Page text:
Over at my other (entirely unsucessful) blog, Cutting the (Cable TV) Cord, I’ve updated with a brief description of how our home viewing configuration currently looks and what the family uses most.
Glad to see the nation’s Library is pickin’ up what we’ve been puttin’ down. Jason Mittell does a good job summarizing most of the ways this will impact faculty and students in his guest post for the Chronicle. I just sent a message to my College’s faculty yesterday with a very similar summary.
Of course there are lots of ways these new exemptions still leave much media use and production untouched. For example, our own Librarian responded to my message already, pointing out that many faculty would like to screen films they use in their classes for the public, unaware that the law requires them to pay licensing fees to companies like Swank in order to do so (because “the public” is not a group covered under the Copyright Act’s “fair use” provisions — education is, but that has been historically fairly narrowly interpreted to only include students enrolled in a particular course).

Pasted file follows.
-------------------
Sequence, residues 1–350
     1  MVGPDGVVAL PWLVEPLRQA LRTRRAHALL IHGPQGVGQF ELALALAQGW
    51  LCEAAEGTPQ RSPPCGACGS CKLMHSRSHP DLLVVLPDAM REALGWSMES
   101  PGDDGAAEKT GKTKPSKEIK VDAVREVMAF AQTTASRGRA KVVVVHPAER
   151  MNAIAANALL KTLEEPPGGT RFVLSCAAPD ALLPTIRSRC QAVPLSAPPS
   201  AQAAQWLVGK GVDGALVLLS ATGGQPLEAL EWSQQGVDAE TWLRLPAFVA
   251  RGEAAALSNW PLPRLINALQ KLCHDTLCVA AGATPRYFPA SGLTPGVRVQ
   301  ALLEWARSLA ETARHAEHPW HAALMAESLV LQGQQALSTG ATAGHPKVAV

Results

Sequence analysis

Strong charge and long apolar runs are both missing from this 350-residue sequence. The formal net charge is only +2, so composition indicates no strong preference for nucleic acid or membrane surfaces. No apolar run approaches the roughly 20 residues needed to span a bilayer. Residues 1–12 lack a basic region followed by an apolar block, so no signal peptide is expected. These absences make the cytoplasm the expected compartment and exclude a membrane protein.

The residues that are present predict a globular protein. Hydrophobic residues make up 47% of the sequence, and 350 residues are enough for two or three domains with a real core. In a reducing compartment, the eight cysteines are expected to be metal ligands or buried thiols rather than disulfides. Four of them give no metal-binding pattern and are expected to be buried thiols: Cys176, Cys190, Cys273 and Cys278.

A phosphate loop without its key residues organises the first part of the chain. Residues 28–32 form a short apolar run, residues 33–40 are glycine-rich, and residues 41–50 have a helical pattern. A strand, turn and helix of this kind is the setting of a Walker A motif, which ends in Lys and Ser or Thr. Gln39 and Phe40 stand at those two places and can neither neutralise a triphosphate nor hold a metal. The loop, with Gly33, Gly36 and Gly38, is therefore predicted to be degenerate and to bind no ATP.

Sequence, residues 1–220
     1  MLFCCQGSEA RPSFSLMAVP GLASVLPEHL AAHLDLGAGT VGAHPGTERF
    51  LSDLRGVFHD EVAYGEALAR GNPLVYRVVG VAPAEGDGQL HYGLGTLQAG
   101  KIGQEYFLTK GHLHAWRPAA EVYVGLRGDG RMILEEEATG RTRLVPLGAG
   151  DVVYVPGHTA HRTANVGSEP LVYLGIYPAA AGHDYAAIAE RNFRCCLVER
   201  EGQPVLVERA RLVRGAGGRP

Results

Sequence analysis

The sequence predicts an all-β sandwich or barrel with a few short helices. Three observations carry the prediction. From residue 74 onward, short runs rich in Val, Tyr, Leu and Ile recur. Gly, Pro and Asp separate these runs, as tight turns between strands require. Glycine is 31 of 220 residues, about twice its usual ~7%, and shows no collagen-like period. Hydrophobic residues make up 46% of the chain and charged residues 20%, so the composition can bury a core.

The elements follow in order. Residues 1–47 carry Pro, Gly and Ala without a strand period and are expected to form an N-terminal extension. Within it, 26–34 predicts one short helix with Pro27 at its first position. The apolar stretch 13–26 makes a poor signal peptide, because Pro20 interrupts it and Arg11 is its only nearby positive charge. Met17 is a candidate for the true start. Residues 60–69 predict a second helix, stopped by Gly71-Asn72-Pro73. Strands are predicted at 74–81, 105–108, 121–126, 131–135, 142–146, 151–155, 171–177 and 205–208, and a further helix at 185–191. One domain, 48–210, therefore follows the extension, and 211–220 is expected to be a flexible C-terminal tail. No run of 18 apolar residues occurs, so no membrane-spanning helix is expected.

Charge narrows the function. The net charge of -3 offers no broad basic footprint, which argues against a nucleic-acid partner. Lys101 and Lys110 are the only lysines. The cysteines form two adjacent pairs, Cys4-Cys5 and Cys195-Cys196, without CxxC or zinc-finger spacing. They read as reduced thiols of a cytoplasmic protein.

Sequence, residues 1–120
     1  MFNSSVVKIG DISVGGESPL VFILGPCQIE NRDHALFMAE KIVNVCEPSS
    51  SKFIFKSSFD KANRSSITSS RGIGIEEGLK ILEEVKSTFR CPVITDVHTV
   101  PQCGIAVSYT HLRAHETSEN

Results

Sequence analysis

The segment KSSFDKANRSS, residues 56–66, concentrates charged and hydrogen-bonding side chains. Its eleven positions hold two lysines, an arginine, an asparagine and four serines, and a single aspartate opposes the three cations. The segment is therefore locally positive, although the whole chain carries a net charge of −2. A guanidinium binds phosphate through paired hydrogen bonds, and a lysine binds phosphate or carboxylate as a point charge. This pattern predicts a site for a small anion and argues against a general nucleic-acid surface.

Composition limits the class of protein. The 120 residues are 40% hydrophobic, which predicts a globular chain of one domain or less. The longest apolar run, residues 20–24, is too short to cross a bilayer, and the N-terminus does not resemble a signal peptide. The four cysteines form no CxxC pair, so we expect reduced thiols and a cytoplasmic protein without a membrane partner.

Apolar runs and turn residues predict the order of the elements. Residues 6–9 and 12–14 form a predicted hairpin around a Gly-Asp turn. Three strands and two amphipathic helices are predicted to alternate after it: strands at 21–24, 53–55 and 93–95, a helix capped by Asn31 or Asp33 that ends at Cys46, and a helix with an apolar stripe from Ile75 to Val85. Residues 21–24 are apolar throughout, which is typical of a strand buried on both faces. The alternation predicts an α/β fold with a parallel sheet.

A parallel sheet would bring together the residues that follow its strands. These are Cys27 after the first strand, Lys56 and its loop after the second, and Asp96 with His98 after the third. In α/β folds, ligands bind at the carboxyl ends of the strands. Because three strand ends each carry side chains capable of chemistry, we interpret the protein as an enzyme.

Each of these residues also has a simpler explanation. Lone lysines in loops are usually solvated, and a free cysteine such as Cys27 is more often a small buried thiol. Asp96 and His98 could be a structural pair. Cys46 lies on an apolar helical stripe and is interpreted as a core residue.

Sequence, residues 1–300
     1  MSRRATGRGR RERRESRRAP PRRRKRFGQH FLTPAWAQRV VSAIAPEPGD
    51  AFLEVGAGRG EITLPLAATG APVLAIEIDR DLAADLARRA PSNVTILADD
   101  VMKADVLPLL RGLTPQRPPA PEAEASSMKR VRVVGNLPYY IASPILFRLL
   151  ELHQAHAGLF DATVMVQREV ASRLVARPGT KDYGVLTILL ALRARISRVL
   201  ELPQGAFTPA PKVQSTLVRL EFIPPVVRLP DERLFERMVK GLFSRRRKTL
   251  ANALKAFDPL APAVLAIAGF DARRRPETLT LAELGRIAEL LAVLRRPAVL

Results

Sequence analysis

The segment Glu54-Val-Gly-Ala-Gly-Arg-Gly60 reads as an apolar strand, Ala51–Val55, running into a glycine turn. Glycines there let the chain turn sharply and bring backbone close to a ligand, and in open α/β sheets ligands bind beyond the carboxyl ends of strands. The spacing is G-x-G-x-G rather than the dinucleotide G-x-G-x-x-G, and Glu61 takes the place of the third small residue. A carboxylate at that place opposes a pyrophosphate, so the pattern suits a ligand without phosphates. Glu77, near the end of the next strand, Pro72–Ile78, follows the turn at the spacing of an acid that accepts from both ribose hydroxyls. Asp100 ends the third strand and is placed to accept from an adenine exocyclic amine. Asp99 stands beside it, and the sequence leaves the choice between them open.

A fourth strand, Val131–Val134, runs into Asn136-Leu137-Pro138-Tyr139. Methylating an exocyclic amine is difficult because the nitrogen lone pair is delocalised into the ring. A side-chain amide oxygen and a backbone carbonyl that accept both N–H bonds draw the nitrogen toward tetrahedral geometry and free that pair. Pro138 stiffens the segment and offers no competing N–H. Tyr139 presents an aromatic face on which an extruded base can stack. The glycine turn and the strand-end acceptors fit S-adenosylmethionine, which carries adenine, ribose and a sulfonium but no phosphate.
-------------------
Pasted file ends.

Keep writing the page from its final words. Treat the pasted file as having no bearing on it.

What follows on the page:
Still, these new exemptions widen considerably the leeway I, my students, and my fellow faculty have to generate clips for use in class and around campus, which empowers all of us in a remarkable way.